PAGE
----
Are we alone? Nasa’s new planet hunter aims to find out


Gulf News - - World -

Are we alone? Nasa’s new planet-hunt­ing mis­sion, launched yes­ter­day, aims to ad­vance the search for ex­trater­res­trial life by scan­ning the skies for nearby, Earth­like plan­ets.

The Tran­sit­ing Ex­o­planet Sur­vey Satel­lite, or Tess, blasted off at 6.32pm (2232 GMT) aboard a SpaceX Fal­con 9 rocket from a Nasa launch pad at Cape Canaveral, Florida.

At a to­tal cost of $337 mil­lion (Dh1.23 bil­lion), the wash­ing­ma­chine-size space­craft is built to search the near­est, bright­est stars for signs of pe­ri­odic dim­ming. These so-called “tran­sits” may mean that plan­ets are in or­bit around them.

Tess is ex­pected to re­veal 20,000 plan­ets be­yond our so­lar sys­tem, known as ex­o­plan­ets, Nasa said.

Look­ing at pos­si­bil­i­ties

Its dis­cov­er­ies will be stud­ied further by ground- and space­based tele­scopes for signs of hab­it­abil­ity, in­clud­ing a rocky ter­rain, a size sim­i­lar to Earth, and a dis­tance from their sun — nei­ther too close nor too far — that al­lows the right tem­per­a­ture for liq­uid wa­ter.

Nasa pre­dicts that Tess could find more than 50 Earth-sized plan­ets and up to 500 plan­ets less than twice the size of the Earth.

Tess will sur­vey far more cos­mic ter­rain than its pre­de­ces­sor, Nasa’s Ke­pler Space Tele­scope which launched in 2009, tak­ing in some 85 per cent of the skies.

“Tess is equipped with four very sen­si­tive cam­eras that will be able to mon­i­tor nearly the en­tire sky,” said Ge­orge Ricker, Tess prin­ci­pal in­ves­ti­ga­tor at the Mas­sachusetts In­sti­tute of Tech­nol­ogy (MIT).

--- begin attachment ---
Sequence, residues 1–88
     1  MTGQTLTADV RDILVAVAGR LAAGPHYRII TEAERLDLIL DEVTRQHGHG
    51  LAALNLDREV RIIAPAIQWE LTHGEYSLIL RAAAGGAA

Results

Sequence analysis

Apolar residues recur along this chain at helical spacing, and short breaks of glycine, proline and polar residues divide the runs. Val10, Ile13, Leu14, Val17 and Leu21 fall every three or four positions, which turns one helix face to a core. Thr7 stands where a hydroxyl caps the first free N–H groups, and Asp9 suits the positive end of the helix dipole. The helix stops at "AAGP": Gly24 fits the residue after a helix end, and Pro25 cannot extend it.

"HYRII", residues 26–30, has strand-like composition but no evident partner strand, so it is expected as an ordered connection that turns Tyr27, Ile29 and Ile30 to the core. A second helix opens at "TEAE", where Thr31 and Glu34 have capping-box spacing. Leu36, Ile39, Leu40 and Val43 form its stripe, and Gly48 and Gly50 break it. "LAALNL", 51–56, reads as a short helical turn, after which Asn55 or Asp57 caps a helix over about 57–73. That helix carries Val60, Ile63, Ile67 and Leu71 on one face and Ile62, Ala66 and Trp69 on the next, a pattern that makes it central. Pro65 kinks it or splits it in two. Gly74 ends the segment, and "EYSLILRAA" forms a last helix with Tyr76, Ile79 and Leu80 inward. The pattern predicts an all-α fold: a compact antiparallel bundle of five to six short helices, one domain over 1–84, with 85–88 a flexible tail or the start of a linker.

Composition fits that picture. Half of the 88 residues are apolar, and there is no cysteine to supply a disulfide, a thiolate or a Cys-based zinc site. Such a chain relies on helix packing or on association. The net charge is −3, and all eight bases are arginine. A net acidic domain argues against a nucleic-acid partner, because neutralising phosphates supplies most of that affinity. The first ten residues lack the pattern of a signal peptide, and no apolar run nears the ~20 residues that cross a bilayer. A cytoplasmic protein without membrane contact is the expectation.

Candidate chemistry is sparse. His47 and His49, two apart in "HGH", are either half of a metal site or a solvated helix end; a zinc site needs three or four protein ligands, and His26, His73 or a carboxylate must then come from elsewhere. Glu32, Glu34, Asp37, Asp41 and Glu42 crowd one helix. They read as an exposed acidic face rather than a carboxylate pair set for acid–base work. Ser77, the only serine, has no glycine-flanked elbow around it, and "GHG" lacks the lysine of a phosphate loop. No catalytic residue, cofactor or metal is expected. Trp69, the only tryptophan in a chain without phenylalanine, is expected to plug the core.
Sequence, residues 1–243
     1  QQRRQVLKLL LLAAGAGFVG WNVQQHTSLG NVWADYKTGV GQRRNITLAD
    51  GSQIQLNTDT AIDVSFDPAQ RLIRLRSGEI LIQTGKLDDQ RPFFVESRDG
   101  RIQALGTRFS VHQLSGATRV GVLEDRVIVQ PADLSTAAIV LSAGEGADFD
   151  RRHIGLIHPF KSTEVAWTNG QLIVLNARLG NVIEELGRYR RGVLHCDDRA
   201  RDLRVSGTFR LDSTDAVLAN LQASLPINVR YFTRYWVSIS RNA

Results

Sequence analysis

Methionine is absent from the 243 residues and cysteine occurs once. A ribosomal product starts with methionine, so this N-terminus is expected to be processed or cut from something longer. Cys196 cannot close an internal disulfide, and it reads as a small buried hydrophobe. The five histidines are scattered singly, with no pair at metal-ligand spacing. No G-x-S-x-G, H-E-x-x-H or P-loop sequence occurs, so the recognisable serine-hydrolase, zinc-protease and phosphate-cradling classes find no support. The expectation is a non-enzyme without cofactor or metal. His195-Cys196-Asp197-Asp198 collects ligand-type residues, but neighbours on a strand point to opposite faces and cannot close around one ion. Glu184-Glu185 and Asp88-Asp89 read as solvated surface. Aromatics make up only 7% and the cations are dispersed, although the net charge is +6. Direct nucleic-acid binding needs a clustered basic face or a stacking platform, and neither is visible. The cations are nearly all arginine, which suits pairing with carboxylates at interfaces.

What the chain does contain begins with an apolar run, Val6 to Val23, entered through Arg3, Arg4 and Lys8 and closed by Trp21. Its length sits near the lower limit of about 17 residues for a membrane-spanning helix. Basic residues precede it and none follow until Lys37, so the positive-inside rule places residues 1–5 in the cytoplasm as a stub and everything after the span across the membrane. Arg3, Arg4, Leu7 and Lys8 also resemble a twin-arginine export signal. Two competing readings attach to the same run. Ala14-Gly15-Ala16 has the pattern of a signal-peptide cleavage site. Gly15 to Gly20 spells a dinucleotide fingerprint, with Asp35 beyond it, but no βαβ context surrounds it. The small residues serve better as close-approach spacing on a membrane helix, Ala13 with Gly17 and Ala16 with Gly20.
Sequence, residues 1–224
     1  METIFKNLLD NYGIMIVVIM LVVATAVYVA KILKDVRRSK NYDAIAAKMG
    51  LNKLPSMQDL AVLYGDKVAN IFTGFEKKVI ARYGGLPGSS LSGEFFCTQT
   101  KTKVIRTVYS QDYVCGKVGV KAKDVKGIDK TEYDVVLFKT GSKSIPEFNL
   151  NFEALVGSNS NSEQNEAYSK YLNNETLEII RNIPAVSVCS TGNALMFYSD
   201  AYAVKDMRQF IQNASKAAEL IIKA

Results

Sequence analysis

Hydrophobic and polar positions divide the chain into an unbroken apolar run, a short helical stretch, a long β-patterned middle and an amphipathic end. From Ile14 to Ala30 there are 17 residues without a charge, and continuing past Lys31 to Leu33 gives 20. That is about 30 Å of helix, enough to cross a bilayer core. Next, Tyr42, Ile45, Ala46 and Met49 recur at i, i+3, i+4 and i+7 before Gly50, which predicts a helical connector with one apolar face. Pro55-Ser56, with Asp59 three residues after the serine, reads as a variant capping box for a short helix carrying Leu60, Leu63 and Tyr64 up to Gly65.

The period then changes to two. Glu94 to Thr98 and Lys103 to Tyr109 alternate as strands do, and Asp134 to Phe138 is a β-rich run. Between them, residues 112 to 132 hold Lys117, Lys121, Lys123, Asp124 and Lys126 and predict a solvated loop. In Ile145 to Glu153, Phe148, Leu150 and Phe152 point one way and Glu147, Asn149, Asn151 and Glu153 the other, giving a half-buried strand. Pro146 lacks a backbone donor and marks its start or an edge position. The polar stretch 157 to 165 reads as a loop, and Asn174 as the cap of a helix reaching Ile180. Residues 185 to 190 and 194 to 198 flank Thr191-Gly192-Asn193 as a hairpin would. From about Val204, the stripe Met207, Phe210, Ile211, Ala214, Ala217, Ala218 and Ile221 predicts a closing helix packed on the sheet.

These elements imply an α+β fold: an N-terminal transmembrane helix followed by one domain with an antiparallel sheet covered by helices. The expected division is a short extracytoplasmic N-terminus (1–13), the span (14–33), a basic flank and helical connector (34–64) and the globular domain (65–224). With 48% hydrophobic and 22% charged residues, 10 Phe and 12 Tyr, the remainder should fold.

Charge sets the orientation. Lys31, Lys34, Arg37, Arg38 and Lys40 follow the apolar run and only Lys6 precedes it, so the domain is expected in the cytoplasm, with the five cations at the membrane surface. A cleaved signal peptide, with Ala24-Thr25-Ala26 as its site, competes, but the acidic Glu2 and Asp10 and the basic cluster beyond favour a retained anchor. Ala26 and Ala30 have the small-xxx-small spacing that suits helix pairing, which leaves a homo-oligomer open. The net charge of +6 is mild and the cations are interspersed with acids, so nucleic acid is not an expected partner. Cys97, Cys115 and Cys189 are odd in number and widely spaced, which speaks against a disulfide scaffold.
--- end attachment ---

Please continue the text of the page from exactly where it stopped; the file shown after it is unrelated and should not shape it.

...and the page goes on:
“That is about 20 times what the Ke­pler mis­sion was able to de­tect.”

Ke­pler vs Tess

Ke­pler, the first planet-hunt­ing mis­sion of its kind, “was launched to an­swer one sin­gle ques­tion: How com­mon is a planet like Earth around a star like the Sun?” said Pa­tri­cia ‘Padi’ Boyd, direc­tor of the Tess guest in­ves­ti­ga­tor pro­gramme at Nasa’s God­dard Space­flight Cen­ter.

“It was de­signed to look at 150,000 stars in a fairly wide field of view with­out blink­ing, for four years,” she told re­porters on the eve of the launch. “One of the many amaz­ing things that Ke­pler told us is that plan­ets are ev­ery­where and there are all kinds of plan­ets out there. “So Tess takes the next step.” The first data from Tess is ex­pected to be made pub­lic in July, and Nasa says cit­i­zen as­tronomers are wel­come to help study the plan­ets for signs of pos­si­ble hab­it­abil­ity.

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